New Jersey Leading the Way on Bail Reform

Over the past year, there has been increased national attention on the role cash bail plays in the criminal justice system.  In almost all jurisdictions around the country, decisions about who is released pending trial are currently based on the ability to pay bail and not on the risk to the community.

Those with money can purchase their freedom, regardless of their risk to the community, while those without resources remain in jail pending trial for days, month or years, often with tragic consequences, as in the cases of Sandra Bland and Kalief Browder.

The Drug Policy Alliance’s 2013 report on New Jersey jails found that nearly three-quarters of the 15,000 people in state jails were awaiting trial rather than serving a sentence – almost 20 percent of them arrested on drug charges. Almost 40 percent of those being held were there solely because of their inability to pay bail.  More than 10 percent could not pay bail amounting to $2,500 or less (more than 800 inmates were held for the inability to pay $500 or less).  The average length of time they spend in jail awaiting trial is 10 months.

Recognition of this injustice and the economic costs to the state led New Jersey to fix its broken system. In 2014, New Jersey enacted legislation that drastically overhauled the monetary bail system by creating a fairer, safer and more cost-effective criminal justice system.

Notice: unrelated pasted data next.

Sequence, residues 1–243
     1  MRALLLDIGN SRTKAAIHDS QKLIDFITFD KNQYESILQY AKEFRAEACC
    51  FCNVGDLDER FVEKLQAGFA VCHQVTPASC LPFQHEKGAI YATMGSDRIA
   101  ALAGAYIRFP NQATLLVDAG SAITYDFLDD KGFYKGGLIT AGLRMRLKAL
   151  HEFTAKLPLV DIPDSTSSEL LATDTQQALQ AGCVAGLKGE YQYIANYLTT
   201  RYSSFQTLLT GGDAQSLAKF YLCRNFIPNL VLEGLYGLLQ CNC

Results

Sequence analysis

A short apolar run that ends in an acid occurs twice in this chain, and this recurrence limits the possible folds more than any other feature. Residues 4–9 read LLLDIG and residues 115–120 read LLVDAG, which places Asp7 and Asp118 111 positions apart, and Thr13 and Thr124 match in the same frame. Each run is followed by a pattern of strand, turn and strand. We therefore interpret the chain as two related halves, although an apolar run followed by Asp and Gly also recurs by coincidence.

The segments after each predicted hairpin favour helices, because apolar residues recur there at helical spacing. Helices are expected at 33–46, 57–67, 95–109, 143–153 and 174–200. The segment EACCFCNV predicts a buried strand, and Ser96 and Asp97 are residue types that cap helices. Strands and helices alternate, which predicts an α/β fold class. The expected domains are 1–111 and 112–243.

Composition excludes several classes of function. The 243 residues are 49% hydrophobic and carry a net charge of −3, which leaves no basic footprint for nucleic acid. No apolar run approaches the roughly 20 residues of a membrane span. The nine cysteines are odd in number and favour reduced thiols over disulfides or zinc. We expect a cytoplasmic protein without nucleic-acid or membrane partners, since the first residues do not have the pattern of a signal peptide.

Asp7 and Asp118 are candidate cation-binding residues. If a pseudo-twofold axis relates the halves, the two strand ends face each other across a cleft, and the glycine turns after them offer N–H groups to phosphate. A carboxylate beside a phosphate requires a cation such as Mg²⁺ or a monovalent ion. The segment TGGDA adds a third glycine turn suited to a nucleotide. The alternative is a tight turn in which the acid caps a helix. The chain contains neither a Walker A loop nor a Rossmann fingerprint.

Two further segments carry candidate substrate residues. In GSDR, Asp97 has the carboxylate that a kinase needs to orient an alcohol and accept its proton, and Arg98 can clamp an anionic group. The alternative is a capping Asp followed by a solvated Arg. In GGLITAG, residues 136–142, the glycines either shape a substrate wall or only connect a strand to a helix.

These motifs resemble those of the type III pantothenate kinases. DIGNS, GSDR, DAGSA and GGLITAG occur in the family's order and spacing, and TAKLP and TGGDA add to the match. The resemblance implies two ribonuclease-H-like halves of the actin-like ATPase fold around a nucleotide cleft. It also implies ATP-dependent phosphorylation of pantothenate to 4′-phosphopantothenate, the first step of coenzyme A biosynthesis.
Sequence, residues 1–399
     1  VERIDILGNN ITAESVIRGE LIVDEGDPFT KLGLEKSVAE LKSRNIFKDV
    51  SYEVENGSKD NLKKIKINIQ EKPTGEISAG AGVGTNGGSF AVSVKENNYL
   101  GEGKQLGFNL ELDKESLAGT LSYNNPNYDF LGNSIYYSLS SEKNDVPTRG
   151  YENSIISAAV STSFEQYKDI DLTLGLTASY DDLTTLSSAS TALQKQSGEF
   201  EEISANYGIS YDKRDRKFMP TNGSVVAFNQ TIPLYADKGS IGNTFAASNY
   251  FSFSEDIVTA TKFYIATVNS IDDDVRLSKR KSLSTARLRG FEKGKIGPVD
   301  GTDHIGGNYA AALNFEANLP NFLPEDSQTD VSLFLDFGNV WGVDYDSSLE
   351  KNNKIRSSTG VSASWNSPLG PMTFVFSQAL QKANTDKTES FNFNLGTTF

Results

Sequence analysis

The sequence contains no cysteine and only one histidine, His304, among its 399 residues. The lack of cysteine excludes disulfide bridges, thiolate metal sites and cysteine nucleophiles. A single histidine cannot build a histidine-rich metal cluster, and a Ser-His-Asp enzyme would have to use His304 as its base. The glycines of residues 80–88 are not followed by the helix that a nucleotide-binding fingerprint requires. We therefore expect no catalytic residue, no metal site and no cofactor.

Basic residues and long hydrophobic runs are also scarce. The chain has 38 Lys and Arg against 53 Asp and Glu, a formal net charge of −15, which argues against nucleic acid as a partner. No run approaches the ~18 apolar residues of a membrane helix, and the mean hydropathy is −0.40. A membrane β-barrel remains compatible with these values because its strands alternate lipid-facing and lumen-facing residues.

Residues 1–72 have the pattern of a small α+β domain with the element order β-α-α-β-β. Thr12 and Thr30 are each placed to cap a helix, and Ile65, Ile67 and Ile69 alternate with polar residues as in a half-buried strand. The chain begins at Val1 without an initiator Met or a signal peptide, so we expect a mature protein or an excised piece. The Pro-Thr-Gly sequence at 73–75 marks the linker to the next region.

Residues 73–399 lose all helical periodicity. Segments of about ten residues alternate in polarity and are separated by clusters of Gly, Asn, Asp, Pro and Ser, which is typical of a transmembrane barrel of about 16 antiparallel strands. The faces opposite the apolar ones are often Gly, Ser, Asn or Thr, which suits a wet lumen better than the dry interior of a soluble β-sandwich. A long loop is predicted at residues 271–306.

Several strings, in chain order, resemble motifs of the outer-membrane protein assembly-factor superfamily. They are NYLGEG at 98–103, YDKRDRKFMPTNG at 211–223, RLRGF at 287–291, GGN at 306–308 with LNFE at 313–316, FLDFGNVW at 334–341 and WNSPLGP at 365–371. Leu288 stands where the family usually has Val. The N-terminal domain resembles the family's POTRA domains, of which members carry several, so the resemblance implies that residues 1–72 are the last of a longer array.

Bail reform in New Jersey does a few things. First, it prioritizes non-monetary release options and requires arrestees to undergo a validated risk assessment before their initial bail hearing in order for the court to make an individualized determination about release. There is also a provision of the law that allows for the pretrial detention of truly dangerous individuals. These components of the reform will help move New Jersey from a resource-based system – in which people with money are able to pay their way out of jail regardless of their risk to public safety, while poor people who pose no risk are forced to languish behind bars while awaiting trial – to one based on risk.

Second, the reform establishes a comprehensive pretrial services agency within each county that can monitor and counsel those individuals who are released pending trial. We know that spending even just a few days incarcerated can have a devastating impact on an individual and his or her family. By creating a system that allows people to remain in the community while awaiting trial, New Jersey is making an investment in families and communities. And finally, the law guarantees timelines for a speedy trial for those who are detained.

As localities around the country grapple with overcrowded jails and jurisdictions are being constitutionally challenged for detaining people because they are poor, more and more states have their eyes on New Jersey. A number of jurisdictions have even followed suit – in November, voters in New Mexico passed a constitutional amendment to reform the state’s monetary bail system, and in December, municipal courts in fifty cities in Alabama adopted bail reform measures.

Bail reform in New Jersey is a historic overhaul of a very broken criminal justice system. New Jersey should stand proud as a leader on this issue as we head into 2017.

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